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Review article: antibiotics and probiotics in inflammatory bowel disease.
Aliment Pharmacol Ther. 2004 Oct; 20 Suppl 4:75-8.AP

Abstract

Treatment with antibiotics in inflammatory bowel disease has a long tradition and is widely used. The indications for antibiotic therapy are wide ranging, from specific situations such as abscesses or fistulae, to patients with severe disease (as an unspecific 'protective' measure), and to address the hypothesis that the enteric flora as a whole, or specific microorganisms such as mycobacteria, are involved in the pathogenesis of inflammatory bowel disease. The best-studied single antibiotic compound is metronidazole. However, overall, the scientific basis for the use of antibiotics is limited, which may reflect a lack of interest from sponsors within the pharmaceutical industry. Despite this weak evidence base, antibiotics are a globally established therapeutic tool in inflammatory bowel disease. Growing evidence from human and animal studies points towards a pivotal pathogenetic role of intestinal bacteria in inflammatory bowel disease. In view of these experimental findings, clinical trials have been undertaken to elucidate the therapeutic effects of probiotics in inflammatory bowel disease. Probiotics are viable nonpathogenic microorganisms which confer health benefits to the host by improving the microbial balance of the indigenous microflora. So far, of the many candidates, one specific strain (Escherichia coli Nissle 1917) and a mixture of eight different bacteria have demonstrated convincing therapeutic efficacy in controlled studies. Maintenance therapy in ulcerative colitis and prevention therapy, as well as the treatment of pouchitis, have emerged as areas in which probiotic therapy offers a valid therapeutic alternative to current treatments. Further investigations may detect additional clinically effective probiotics and other clinical indications.

Authors+Show Affiliations

Evangelisches Krankenhaus Kalk, Teaching Hospital for the University of Cologne, Germany. ansorg@evkk.de

Pub Type(s)

Journal Article
Review

Language

eng

PubMed ID

15352898

Citation

Kruis, W. "Review Article: Antibiotics and Probiotics in Inflammatory Bowel Disease." Alimentary Pharmacology & Therapeutics, vol. 20 Suppl 4, 2004, pp. 75-8.
Kruis W. Review article: antibiotics and probiotics in inflammatory bowel disease. Aliment Pharmacol Ther. 2004;20 Suppl 4:75-8.
Kruis, W. (2004). Review article: antibiotics and probiotics in inflammatory bowel disease. Alimentary Pharmacology & Therapeutics, 20 Suppl 4, 75-8.
Kruis W. Review Article: Antibiotics and Probiotics in Inflammatory Bowel Disease. Aliment Pharmacol Ther. 2004;20 Suppl 4:75-8. PubMed PMID: 15352898.
* Article titles in AMA citation format should be in sentence-case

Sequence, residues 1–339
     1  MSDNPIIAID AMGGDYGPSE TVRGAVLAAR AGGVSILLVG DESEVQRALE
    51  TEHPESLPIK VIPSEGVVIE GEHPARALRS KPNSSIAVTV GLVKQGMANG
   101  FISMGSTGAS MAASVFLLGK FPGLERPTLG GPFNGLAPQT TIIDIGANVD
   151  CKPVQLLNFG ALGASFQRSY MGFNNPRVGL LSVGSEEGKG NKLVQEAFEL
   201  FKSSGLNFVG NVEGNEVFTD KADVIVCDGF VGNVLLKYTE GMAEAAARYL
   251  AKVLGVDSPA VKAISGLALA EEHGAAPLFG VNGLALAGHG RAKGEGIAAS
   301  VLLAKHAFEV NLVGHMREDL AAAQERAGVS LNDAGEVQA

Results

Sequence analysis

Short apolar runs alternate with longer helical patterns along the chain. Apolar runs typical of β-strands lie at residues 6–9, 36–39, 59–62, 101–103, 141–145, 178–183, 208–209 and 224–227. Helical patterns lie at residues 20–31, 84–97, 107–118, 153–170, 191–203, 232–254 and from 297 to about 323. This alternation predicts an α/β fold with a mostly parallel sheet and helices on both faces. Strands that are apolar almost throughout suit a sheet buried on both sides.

TY - JOUR T1 - Review article: antibiotics and probiotics in inflammatory bowel disease. A1 - Kruis,W, PY - 2004/9/9/pubmed PY - 2005/10/1/medline PY - 2004/9/9/entrez SP - 75 EP - 8 JF - Alimentary pharmacology & therapeutics JO - Aliment. Pharmacol. Ther. VL - 20 Suppl 4 N2 - Treatment with antibiotics in inflammatory bowel disease has a long tradition and is widely used. The indications for antibiotic therapy are wide ranging, from specific situations such as abscesses or fistulae, to patients with severe disease (as an unspecific 'protective' measure), and to address the hypothesis that the enteric flora as a whole, or specific microorganisms such as mycobacteria, are involved in the pathogenesis of inflammatory bowel disease. The best-studied single antibiotic compound is metronidazole. However, overall, the scientific basis for the use of antibiotics is limited, which may reflect a lack of interest from sponsors within the pharmaceutical industry. Despite this weak evidence base, antibiotics are a globally established therapeutic tool in inflammatory bowel disease. Growing evidence from human and animal studies points towards a pivotal pathogenetic role of intestinal bacteria in inflammatory bowel disease. In view of these experimental findings, clinical trials have been undertaken to elucidate the therapeutic effects of probiotics in inflammatory bowel disease. Probiotics are viable nonpathogenic microorganisms which confer health benefits to the host by improving the microbial balance of the indigenous microflora. So far, of the many candidates, one specific strain (Escherichia coli Nissle 1917) and a mixture of eight different bacteria have demonstrated convincing therapeutic efficacy in controlled studies. Maintenance therapy in ulcerative colitis and prevention therapy, as well as the treatment of pouchitis, have emerged as areas in which probiotic therapy offers a valid therapeutic alternative to current treatments. Further investigations may detect additional clinically effective probiotics and other clinical indications. SN - 0269-2813 UR - https://www.unboundmedicine.com/medline/citation/15352898/Review_article:_antibiotics_and_probiotics_in_inflammatory_bowel_disease_ L2 - https://doi.org/10.1111/j.1365-2036.2004.02051.x DB - PRIME DP - Unbound Medicine ER -